4 strings


POSTED: Friday, March 26, 2010

Ukulele virtuoso Jake Shimabukuro is so busy touring the world these days that it's become more of a special treat to come home and perform in Hawaii.

“;There's really no place like Hawaii,”; Shimabukuro, 33, said. “;I get to hang with my family and friends, hang at the beach and eat good local food.”;

His latest kick? An acai bowl from Diamond Head Cove Health Bar on Monsarrat Avenue.

After a West Coast tour that took him from Oregon to Northern California's wine country and the Bay Area, Shimabukuro will play the Maui Arts & Cultural Center tomorrow, followed by a special event for members of his fan club, jklub, at Jimmy Buffett's at the Beachcomber Waikiki on Sunday.

Shimabukuro said the audiences he plays for in each city bring a different energy to his shows, which he enjoys.

“;It's always different from night to night,”; he said. “;That's what I love about it, because your audience changes and inspires you to do different songs.”;






        A private concert for “;jklub”; members


» Where: Jimmy Buffett's at the Beachcomber, 2300 Kalakaua Ave.


» When: 2 p.m. Sunday (doors open at 1:30 p.m.)


» Cost: $23 (includes one drink)


» Info: 791-1200


» Note: Fan club membership ($35) is required to purchase tickets


» Web site:




The one consistency is that his ukulele always brings out smiles.

His latest album, “;Live,”; was released last April and is a compilation of his best live performances. A new album is expected in September with 14 or 15 original compositions and a live arrangement of Queen's “;Bohemian Rhapsody.”;

Why “;Bohemian Rhapsody”;? Given that the classic Queen track has so many different instruments and vocal lines, he decided it would be fun to simplify it.

“;It's so heavily orchestrated, with all these moving parts,”; he said. “;I thought it would be the perfect song to take to the other end of the spectrum and really strip it down to its simplest parts—just one instrument, four strings.”;

The new album also features Jake's first formal ukulele collaboration with his younger brother, Bruce, who composed one of the tracks. Iggy Jang, concertmaster of the Honolulu Symphony, is another featured guest musician.

PART OF Shimabukuro's mission is to demonstrate the versatility of the ukulele, and its reach beyond traditional Hawaiian music.

He's defied all labels by breaking into every category, from jazz to blues, funk, classical, folk, flamenco and rock. Some mainland reviewers have dubbed Shimabukuro the Jimi Hendrix of the ukulele.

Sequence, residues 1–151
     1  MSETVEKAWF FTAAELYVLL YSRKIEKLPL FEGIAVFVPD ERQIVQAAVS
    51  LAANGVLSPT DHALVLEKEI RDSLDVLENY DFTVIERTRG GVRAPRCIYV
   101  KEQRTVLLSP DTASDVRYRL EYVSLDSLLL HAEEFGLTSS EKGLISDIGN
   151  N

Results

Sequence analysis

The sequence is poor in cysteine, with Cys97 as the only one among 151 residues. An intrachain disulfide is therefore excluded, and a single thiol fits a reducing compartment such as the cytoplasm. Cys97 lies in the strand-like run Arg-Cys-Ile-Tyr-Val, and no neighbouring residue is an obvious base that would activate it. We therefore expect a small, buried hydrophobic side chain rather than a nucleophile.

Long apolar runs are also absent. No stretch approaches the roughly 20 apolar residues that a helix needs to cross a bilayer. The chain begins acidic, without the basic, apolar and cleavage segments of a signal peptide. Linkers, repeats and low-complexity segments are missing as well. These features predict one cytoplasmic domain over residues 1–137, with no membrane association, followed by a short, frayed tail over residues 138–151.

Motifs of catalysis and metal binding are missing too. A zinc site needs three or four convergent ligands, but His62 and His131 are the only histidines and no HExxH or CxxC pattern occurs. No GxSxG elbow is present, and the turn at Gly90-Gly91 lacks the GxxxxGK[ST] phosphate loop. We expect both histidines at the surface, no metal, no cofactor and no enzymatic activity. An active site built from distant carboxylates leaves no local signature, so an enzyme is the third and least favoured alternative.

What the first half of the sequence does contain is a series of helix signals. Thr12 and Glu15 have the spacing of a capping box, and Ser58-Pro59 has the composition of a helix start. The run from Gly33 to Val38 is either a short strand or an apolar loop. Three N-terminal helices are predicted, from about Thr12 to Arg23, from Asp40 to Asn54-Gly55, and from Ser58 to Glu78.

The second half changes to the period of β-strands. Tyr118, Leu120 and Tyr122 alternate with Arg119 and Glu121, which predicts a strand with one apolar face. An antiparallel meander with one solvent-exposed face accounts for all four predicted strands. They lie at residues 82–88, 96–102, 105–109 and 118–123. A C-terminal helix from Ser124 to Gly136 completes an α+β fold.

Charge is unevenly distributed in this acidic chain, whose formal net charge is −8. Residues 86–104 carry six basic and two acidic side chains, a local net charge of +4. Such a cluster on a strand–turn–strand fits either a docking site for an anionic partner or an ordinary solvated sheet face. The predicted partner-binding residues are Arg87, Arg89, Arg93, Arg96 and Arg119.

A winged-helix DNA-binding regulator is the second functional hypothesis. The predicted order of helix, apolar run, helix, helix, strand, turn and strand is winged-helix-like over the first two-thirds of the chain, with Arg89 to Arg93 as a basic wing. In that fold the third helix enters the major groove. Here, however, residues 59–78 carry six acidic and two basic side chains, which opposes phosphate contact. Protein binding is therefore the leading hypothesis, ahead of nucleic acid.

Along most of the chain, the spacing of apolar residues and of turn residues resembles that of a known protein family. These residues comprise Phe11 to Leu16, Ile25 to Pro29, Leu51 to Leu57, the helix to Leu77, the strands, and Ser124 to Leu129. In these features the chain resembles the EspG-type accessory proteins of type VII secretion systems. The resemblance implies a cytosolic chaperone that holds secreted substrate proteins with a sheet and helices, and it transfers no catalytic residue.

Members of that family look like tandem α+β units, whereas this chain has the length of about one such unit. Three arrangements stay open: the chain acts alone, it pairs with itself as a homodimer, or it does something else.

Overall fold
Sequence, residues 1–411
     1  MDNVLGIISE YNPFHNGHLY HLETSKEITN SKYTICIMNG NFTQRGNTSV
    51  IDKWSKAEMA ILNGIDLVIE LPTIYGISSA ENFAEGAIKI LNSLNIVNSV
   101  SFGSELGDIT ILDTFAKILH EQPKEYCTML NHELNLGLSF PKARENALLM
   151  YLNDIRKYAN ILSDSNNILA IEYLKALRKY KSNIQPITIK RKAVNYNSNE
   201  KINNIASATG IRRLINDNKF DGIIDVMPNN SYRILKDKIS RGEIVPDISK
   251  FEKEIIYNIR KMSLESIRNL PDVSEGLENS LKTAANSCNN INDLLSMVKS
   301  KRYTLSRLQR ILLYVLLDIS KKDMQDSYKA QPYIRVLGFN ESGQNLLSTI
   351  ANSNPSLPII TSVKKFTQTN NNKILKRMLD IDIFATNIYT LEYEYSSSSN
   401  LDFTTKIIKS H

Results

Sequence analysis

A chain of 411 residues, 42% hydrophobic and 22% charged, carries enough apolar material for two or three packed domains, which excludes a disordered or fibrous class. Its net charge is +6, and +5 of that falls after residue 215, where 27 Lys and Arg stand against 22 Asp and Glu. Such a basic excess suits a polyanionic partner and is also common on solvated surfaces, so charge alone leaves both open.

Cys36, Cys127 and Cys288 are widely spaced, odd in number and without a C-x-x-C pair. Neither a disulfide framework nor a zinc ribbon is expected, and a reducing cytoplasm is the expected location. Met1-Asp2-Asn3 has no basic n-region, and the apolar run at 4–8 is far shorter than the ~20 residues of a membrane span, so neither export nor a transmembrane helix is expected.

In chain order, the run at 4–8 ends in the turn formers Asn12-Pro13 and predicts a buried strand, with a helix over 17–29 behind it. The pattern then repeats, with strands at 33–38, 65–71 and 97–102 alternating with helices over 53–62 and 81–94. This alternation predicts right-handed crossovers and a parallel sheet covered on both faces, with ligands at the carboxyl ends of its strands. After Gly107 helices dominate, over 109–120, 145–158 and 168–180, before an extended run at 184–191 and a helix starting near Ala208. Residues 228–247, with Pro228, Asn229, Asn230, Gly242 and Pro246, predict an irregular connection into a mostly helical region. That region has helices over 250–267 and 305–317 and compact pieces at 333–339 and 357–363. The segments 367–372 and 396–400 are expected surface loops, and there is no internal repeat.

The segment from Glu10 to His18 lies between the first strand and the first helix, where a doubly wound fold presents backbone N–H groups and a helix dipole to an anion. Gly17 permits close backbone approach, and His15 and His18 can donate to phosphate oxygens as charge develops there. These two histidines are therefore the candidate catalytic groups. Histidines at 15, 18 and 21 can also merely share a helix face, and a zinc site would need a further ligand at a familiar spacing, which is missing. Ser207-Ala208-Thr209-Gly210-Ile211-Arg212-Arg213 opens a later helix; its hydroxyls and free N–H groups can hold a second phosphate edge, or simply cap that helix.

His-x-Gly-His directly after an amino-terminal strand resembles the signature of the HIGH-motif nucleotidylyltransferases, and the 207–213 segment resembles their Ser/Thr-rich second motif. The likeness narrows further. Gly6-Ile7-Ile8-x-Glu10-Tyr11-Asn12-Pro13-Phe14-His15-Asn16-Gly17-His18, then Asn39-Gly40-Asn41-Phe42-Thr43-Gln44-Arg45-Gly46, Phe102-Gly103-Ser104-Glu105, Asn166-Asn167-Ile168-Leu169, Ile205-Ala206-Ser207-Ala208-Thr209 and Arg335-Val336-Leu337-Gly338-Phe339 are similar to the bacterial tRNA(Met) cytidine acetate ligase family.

Jake's reaction?

“;He was definitely one of my heroes, so I'm just completely blown away by that,”; he said. “;I'm very honored, but I don't see how I'm the Jimi Hendrix of ukulele.

“;For me, I'm just a big fan of the instrument.”;

Shimabukuro credits YouTube, in part, for spreading his music among the masses. A video of him playing George Harrison's “;While My Guitar Weeps”; for a TV show in New York's Central Park was posted in 2006 and has received nearly 4.9 million views to date (visit to view the clip).

“;Seriously, that four-minute video clip changed my life,”; he said. “;It opened so many doors for me, and it allowed me to travel and tour and play with different artists.”;

In recent years Shimabukuro has played with Bela Fleck, Ziggy Marley and Yo-Yo Ma, and was among a group of honored celebrities (including Lady Gaga, Bette Midler and Whoopi Goldberg) who performed for the queen of England. Next month, he's scheduled for a tour that includes Russia, the Netherlands, Germany and France, but he'll be back home in time to play Jack Johnson's Kokua Festival on April 23 and 24.

After that he's got another gig in Japan, where he's popular.

No matter how busy he gets, however, Shimabukuro is dedicated to his work with students and his nonprofit, Music Is Good Medicine, which aims to use the power of music to heal, influence and inspire people.

“;Hopefully, I can use music as a way to inspire them to figure out what their passion is in life,”; he said. “;If I can just reach out to one child and that one student decides to be drug-free, that makes it all worthwhile.”;